Recent attention has been given to the realization of angular deficits and surpluses in the local ground-state geometry of thin sheets of nematic solids as out-of-plane deformations. Such systems exhibit conical or anti-conical curvature sites, or possibly arrays of such polyhedral corners, in order to satisfy the material's spontaneous strain-generated metric requirements. Here, we turn the angular deficit requirement on its head, and show theoretically and experimentally that by appropriately altering the topology of the initially flat sheet-for example, by cutting it in carefully chosen regions-the same angular deficits and surpluses may manifest simply in-plane by changing the geometry of the cut region. Such amechanism offers a route to apertures or arrays of apertures that may be reversibly opened and closed by applying spontaneous strain with heat, light or chemical potential.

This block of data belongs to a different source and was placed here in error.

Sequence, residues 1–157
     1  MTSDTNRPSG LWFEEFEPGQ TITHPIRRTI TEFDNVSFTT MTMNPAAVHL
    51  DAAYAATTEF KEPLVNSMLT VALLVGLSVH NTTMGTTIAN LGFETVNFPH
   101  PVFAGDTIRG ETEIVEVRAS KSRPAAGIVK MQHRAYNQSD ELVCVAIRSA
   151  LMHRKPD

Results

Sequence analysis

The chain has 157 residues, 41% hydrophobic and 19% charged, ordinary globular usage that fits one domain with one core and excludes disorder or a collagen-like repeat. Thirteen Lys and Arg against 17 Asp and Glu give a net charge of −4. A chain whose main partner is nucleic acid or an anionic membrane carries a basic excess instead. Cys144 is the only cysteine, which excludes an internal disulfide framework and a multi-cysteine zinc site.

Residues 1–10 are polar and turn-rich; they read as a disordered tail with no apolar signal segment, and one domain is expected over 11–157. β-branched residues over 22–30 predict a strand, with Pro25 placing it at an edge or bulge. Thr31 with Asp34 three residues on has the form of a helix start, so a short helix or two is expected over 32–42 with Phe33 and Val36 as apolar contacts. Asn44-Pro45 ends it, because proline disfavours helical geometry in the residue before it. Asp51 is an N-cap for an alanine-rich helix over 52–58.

|Number of pages||10|
|Journal||Proceedings of the Royal Society of London, Series A: Mathematical, Physical and Engineering Sciences|
|Publication status||Published - 2013|